It's easier to make sense of the past when you're content with your present-day circumstances. Take Mike Williams.
Clemson's star receiver smiles and speaks with a carefree air when revisiting a crash with a goalpost that fractured a vertebrae and sidelined him for all of last season.
"God doesn't say, 'Oops,' " Williams said over the weekend, repeating the words of Tigers Coach Dabo Swinney.
His NFL future? The fourth-year junior is the top-rated receiver for the upcoming draft.
The disappointment of sitting out the national championship game against Alabama last year? The rematch Monday night will make up for it.
The nightmare that could have unfolded never did. Life was delayed, but remained on the same path. And now, Clemson will have a chance to win its first national championship in 35 years.
Williams provides the Tigers with the caliber of offensive weapon it didn't have in its loss to Alabama last year. Of the numerous future NFL players who will be on the field at Raymond James Stadium, none might be as league-ready as Williams, who is 6 feet 3 with a pterodactyl wingspan.
If No. 2 Clemson upsets the top-ranked Crimson Tide, Williams will be a primary reason why.
"Mike is an animal," Clemson quarterback Deshaun Watson said.
As Williams looks ahead to the most important game of his life, he acknowledges thinking back to an incident that nearly changed his life. In the opening game last season against Wofford, he ran a post route to the back of the end zone, where he caught a pass from Watson. A defensive back shoved him in the back at the end of the play, causing him to go head first into the goalpost padding.
Initially, Williams didn't think much of it.
"Just thought it was a bruise," he said.
Jeff Scott, Clemson's co-offensive coordinator, had a similar thought. Scott once saw Williams run into a machine that fires footballs. That time, Williams rolled around on the ground for a couple of minutes, but jumped back on his feet and went on as if nothing had happened. Scott figured Williams would do that again.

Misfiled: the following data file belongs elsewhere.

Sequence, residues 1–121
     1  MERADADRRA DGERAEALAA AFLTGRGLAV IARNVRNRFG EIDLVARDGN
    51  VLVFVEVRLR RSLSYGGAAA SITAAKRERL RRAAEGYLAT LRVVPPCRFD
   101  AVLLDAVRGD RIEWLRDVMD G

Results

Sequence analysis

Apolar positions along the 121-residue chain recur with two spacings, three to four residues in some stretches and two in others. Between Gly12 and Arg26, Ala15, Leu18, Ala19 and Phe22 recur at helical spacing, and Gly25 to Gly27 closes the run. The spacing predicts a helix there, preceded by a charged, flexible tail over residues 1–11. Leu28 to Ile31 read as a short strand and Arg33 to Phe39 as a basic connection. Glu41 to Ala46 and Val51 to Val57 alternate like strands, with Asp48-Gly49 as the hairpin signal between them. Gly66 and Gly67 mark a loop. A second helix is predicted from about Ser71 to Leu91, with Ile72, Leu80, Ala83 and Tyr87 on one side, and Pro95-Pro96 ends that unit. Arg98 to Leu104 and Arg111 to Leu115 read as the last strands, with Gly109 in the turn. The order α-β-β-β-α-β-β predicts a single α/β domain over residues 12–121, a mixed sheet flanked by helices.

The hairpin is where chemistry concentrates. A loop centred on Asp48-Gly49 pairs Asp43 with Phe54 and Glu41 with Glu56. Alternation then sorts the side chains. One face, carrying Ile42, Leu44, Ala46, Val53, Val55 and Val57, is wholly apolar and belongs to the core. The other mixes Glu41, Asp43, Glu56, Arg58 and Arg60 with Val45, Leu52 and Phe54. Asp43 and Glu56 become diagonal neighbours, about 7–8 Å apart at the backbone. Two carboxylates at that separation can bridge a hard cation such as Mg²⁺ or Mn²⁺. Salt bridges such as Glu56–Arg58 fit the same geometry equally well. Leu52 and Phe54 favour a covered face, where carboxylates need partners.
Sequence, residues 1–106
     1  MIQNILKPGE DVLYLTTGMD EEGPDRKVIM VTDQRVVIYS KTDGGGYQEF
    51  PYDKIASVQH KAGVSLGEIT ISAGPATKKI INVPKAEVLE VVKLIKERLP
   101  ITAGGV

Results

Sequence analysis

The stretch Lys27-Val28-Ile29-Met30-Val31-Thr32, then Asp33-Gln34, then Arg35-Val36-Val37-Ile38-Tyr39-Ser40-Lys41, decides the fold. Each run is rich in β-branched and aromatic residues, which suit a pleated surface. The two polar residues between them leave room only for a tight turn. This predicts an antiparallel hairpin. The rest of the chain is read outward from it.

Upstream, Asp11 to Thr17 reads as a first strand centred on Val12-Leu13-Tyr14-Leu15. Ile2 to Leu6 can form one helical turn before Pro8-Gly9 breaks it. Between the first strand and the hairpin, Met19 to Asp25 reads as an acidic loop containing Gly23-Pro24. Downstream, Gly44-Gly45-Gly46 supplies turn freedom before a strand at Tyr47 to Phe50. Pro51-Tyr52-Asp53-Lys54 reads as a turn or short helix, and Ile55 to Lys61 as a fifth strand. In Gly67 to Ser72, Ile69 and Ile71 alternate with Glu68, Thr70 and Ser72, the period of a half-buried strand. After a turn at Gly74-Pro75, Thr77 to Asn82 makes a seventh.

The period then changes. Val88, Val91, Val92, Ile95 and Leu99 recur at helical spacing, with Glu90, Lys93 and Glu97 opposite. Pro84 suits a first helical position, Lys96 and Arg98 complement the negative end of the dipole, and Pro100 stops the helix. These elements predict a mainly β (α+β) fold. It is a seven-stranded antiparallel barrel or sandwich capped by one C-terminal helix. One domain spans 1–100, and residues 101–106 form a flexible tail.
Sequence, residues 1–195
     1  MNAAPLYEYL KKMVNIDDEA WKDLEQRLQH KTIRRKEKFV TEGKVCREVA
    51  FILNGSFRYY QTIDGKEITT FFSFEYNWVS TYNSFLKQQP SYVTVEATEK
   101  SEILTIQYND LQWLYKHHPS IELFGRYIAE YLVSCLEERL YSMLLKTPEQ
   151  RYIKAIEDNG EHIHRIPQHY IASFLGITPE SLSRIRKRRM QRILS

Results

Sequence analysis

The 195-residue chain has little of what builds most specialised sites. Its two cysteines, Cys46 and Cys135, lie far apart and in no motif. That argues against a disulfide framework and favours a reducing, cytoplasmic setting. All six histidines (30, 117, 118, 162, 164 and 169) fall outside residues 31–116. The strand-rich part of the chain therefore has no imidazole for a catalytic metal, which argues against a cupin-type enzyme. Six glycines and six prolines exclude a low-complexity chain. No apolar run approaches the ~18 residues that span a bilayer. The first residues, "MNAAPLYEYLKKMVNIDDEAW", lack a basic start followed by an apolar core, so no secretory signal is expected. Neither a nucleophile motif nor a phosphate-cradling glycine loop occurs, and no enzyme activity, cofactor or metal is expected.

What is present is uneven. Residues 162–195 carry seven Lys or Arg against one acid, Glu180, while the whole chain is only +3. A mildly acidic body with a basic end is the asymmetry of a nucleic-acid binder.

Except he didn't. Then the medical attention came.
Williams found himself strapped to a board. His neck was stabilized. He was carted off the field. Fear set in.
"When you usually see that, the injury is very serious," Williams said. "People are paralyzed."
At a hospital, Williams received comforting news. Doctors informed him of the fracture in his neck, but assured him he would play again. The injury didn't require surgery.
Reflecting on his lost season, Williams talked less about the frustrations he experienced watching the national championship game from the sidelines and more about the appreciation he gained for football.
Instead of thinking of how he could already be in the NFL, he pointed to how returning to school for another year allowed him to graduate last month with a degree in sociology.
And why not? Nothing was lost.
Swinney went a step further.
"He would have been a first-rounder last year, but it wasn't God's timing for him," Swinney said. "He had to sit and watch and I think he's a lot better player than he would have been this time last year."
Williams began the season at 225 pounds, about 15 heavier than he was at the start of last season. His increased physicality has made him more of a nightmare for defensive backs. He has caught 90 passes this season for 1,267 yards and 10 touchdowns.
"Mike has a unique ability in the one-on-one man situations versus some of the top corners, to be able to still win those matchups because he's a very physical guy, to be able to go up and attack the ball," Scott said.
But the added bulk hasn't compromised movement.
"A lot of guys that are his height are more straight-line guys, good vertical guys, but maybe don't have the change of direction," Scott said. "Then sometimes you can get these 6-foot guys or 5-11 guys that have good quickness and change of direction. Mike is one of those rare guys that have both, that can run after the catch like a 6-foot guy.
"He's very flexible. His position is one you have to make catches in a lot of different body positions, back shoulder catches."
Alabama Coach Nick Saban singled out Watson as his greatest concern, but efforts to prevent the dual-threat quarterback from scrambling could create openings for Williams.
"If you're going to come down and stop Deshaun, you're putting guys on islands on the outside," Scott said.
"That's part of my game," he said.
Williams is aware NFL scouts will be watching, but he isn't concerned.
"I've kind of put that behind me right now," he said. "I play well in this game, everything else will take care of itself."
Of course he thinks that. Up to this point, everything has taken care of itself.